Dr Rosie Benneyworth BM BS BMedSci MRCGPChief Inspector of Primary Medical Services and Integrated Care

Inspection areas



Updated 26 March 2020

We rated safe as Good because:

Safety systems and processes

The service had clear systems to keep people safe and safeguarded from abuse.

  • The provider conducted safety risk assessments. It had appropriate safety policies, which were regularly reviewed and communicated to staff including locums. They outlined clearly who to go to for further guidance. Staff received safety information from the service as part of their induction and refresher training. The service had systems to safeguard children and vulnerable adults from abuse.
  • The service had systems in place to assure that an adult accompanying a child had parental authority. For example, the clinic had a process in place to confirm the identity of parents when performing a procedure on a child or infant. This was verified by photographic evidence such as a passport or driving licence. The consent form for children and infants contained a statement which both parents had to sign to declare that they had the parental responsibility and the procedure was only carried out when there was full agreement from both parties. The practice also carried appropriate checks where a parent stated they had sole parental responsibility.
  • The clinic policy was for parents or a relative to be present during the procedure to provide comfort to the child and ensure that the child remained safe whilst on the treatment couch. There was a record maintained as to who was present during the procedure.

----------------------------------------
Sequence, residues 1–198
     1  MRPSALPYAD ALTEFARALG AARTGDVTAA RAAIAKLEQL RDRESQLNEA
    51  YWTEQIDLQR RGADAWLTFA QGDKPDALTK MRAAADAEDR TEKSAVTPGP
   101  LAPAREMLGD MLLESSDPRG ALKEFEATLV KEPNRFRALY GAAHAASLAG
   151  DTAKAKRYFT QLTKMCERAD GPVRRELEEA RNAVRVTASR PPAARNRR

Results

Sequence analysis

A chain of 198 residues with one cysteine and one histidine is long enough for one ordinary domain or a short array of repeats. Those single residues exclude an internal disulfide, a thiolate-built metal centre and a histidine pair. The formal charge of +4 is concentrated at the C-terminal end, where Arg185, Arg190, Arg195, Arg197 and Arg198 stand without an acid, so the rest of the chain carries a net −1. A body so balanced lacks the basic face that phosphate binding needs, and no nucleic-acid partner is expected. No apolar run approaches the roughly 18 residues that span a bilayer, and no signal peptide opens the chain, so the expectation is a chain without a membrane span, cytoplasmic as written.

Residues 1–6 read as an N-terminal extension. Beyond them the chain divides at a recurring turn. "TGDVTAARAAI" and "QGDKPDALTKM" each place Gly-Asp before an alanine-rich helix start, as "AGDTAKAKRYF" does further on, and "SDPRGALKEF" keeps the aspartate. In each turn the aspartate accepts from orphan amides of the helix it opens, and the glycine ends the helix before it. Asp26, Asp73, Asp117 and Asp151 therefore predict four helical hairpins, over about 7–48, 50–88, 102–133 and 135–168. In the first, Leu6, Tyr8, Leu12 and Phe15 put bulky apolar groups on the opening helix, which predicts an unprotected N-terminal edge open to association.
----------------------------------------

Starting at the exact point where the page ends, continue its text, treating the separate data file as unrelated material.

• The service worked with other agencies to support patients and protect them from neglect and abuse. Staff took steps to protect patients from abuse, neglect, harassment, discrimination and breaches of their dignity and respect.
  • The provider carried out staff checks at the time of recruitment and on an ongoing basis where appropriate. Disclosure and Barring Service (DBS) checks were undertaken where required. (DBS checks identify whether a person has a criminal record or is on an official list of people barred from working in roles where they may have contact with children or adults who may be vulnerable).
  • All staff received up-to-date safeguarding and safety training appropriate to their role. They knew how to identify and report concerns.
  • There was an effective system to manage infection prevention and control.
  • The provider ensured that facilities and equipment were safe and that equipment was maintained according to manufacturers’ instructions. There were systems for safely managing healthcare waste.